Here was a pair of Proms to which all those who insist that Western classical music is dead ought to have been frogmarched.
Here was a pair of Proms to which all those who insist that Western classical music is dead ought to have been frogmarched. The Royal Albert Hall was packed, the atmosphere electric. Evidently the main draw was the talent of the Latvian conductor Mariss Jansons for unfolding the most hackneyed classics as if they were exciting new discoveries.
Few who heard it will have forgotten his revelatory reading of Tchaikovsky's Fourth Symphony with the Pittsburgh Symphony Orchestra in last year's Proms. This time he brought the Bavarian Radio SO, whose nobly rounded brass, warm and weighty strings and power without stridency instantly knocked on the head another of those pervasive notions: that incessant recording has neutralised national styles of playing, and that symphony orchestras these days all sound the same.
The combination immediately proved winning in Dvorak's Symphony No 8 in G major. Here Jansons' deftness in revivifying the detail went hand-in-hand with his mastery of the long line in a thrillingly cumulative development of the first movement. The Bavarians responded with some wondrously hushed strings in the slow section, a delectable lightness in the third-movement coda and a crackling vitality in the finale variations. This was a reading which, while reaffirming the work's bucolic delights, simultaneously revealed just how taut and original a conception it really is.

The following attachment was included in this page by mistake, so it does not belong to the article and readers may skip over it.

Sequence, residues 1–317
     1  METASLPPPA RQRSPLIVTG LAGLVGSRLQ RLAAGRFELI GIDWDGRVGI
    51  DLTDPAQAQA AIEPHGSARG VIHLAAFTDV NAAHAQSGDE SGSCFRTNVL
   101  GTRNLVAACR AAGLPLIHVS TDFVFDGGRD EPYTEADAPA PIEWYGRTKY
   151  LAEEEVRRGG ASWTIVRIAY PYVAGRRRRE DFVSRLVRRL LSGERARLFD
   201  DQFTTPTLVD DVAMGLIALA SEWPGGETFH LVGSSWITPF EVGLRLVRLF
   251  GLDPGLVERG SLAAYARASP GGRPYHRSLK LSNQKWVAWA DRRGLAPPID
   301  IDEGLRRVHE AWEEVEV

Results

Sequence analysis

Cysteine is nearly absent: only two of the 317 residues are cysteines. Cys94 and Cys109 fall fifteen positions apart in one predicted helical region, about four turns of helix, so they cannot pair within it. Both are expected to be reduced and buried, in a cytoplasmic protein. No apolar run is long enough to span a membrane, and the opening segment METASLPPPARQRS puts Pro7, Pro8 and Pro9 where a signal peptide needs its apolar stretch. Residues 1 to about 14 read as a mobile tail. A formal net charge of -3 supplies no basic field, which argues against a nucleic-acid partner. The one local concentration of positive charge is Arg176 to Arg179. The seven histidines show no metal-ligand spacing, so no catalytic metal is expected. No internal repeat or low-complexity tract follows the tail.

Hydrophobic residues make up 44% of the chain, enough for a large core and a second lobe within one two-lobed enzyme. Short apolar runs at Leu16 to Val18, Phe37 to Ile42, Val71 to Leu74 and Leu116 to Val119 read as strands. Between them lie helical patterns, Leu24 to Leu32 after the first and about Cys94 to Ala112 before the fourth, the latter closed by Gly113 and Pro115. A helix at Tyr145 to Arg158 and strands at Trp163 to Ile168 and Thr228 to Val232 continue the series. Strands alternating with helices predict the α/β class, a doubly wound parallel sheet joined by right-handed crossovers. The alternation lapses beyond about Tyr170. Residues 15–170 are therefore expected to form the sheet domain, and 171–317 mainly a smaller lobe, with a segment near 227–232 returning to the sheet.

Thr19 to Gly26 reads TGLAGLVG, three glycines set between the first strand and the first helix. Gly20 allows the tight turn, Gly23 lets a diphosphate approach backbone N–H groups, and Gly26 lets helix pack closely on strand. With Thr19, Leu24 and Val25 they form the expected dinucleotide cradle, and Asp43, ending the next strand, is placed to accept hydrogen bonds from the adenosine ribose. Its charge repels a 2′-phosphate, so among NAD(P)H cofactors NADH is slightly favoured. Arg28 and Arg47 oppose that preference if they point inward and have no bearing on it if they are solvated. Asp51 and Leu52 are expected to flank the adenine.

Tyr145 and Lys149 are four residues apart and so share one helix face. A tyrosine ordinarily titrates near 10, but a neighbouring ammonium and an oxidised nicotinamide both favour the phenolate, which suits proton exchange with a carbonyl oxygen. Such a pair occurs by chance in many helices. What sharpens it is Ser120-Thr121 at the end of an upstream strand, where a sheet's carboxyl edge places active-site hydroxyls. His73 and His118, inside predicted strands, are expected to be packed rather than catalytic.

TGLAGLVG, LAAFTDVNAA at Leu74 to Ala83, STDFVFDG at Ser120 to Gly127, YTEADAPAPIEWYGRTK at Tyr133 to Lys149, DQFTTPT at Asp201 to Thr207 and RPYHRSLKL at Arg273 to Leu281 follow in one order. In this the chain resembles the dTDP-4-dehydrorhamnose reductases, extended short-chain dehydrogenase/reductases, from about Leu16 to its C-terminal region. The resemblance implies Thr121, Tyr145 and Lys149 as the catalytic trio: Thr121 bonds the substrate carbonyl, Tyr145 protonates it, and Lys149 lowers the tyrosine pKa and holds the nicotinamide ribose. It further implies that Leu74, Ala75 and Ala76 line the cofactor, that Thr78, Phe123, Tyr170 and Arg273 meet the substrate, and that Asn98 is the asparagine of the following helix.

With Ein Heldenleben the Bavarians were on home ground - its composer, Richard Strauss, was a Munich man. Just how at home became clear when the stage was suddenly plunged into darkness during the battle sequence; conductor and orchestra continued note-perfect.
Jansons' fellow Latvian, Gidon Kremer, arrived to open the second programme in Shostakovich's Violin Concerto No 1 in A minor. Rather surprisingly, he read the solo part from the music and just occasionally seemed a bit adrift of the orchestra. Nonetheless he spun a characteristically sensitised line through the gloom of the opening nocturne and held the vast concourse breathless in the unaccompanied cadenza, while Jansons made something quite fearsomely savage of the scherzo second movement and sonorously elegiac of the Passacaglia third.
As for Tchaikovsky's Symphony No 6 in B minor, "Pathétique", which concluded the concert, not even Jansons' celebrated recording with the Oslo Philharmonic had prepared one for the sheer intensity - without vulgarity - of his, and his orchestra's, response to the work's extremes of foreboding, passion, elegance, physical excitement and giving up the ghost: an experience that throbbed through the mind like a fever for hours afterwards.
Proms end 11 September. Proms 19 and 20 available online to tomorrow (020-7589 8212; www.bbc.co.uk/proms)Reuse content